I'm gonna start this off with an... "indexed image"? If that's the proper term for it?
If this 384x144 image were actually only the top-left 192x48 pixels (I'll refer to that portion as "0,0"), I feel like the other five sections could most likely be generated by using a single automatic operation that applies the following RGB value (swaps/rotations) to all pixels in section 0,0 simultaneously:
- 0,1: Red -> Green -> Blue -> Red (#FFAA55 -> #55FFAA for one example)
- 0,2: Red -> Blue -> Green -> Red (#FFAA55 -> #AA55FF)
- 1,0: Green <-> Blue (#FFAA55 -> #FF55AA)
- 1,1: Red <-> Green (#FFAA55 -> #AAFF55)
- 1,2: Red <-> Blue (#FFAA55 -> #55AAFF)
What is the name of the operation I'm looking for + what image editing programs can perform that operation? I tried Googling a bunch of things along the lines of "rgb rotate", "rgb exchange", "rgb swap", "rgb trade", etc. etc. etc. and I couldn't quickly + intuitively find anything that did what I wanted it to do in a single swing. The amount of stuff completely unrelated to what I had in mind that came up honestly quickly got really frustrating. I even tried Googling "triadic rotation" and nothing related to what I had in mind showed up on the 1st page.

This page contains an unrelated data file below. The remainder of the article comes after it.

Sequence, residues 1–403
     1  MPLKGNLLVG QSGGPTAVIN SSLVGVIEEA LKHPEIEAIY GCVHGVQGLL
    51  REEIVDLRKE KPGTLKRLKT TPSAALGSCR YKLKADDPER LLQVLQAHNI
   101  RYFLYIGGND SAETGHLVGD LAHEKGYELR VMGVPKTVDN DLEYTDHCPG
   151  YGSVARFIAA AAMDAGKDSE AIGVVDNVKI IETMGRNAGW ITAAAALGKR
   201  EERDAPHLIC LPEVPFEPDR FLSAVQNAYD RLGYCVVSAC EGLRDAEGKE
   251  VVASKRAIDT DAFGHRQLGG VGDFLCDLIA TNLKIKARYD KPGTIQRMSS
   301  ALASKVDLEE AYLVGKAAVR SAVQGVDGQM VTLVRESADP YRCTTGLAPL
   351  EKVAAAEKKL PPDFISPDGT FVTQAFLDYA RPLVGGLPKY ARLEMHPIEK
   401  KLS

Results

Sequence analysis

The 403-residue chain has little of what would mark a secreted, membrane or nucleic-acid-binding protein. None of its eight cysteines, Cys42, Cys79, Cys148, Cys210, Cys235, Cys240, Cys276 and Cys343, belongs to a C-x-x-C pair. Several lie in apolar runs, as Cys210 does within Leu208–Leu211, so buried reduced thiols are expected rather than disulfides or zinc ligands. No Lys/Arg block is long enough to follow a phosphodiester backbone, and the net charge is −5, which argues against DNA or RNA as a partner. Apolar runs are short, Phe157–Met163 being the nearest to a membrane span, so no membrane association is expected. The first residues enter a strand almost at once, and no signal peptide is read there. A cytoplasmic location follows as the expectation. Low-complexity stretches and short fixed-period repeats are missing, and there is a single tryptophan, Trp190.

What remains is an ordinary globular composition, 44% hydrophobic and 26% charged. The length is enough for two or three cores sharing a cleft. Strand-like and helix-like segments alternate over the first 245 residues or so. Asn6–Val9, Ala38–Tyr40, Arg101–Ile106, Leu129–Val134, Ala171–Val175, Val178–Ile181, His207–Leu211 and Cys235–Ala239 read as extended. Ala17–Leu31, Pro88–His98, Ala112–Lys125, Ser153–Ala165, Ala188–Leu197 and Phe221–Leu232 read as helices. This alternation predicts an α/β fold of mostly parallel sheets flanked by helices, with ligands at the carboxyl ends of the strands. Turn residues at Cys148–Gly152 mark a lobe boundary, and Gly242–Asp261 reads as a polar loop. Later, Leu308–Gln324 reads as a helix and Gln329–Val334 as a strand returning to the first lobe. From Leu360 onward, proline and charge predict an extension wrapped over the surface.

The reason for the sorted colors instead of an actual image is basically the same reason I have to ask this question in the first place; I can't do it automatically with the free tools that I'm currently aware of the existence of.
I had to sort those 64 colors manually 6 times over with paint.net; which thankfully has functions that made it slightly easier to do, though there's definitely no way that I could quickly apply the effect I'm talking about to any actual image of any kind using paint.net (unless it has some feature I'm not yet aware of). I'm pretty sure there should be a way to apply that effect automatically; I just don't know the name of that effect + therefore can't even search for it.
One thing that came up a few times during my failed attempts at searching was "hue rotation"; however as far as I know + could observe that not only applies to only one hue range at a time, but also pays more attention to hue angle than actual RGB values (if that makes any sense). So I really don't think hue rotation is what I'm looking for; though if it's suggested to me anyway I will try it again as long as I'm given specific instructions on how to use it to achieve the effect that I desire.
If I'm not using a tag that I should be using, or even outright posting on the wrong Stack Exchange site for the question; please let me know.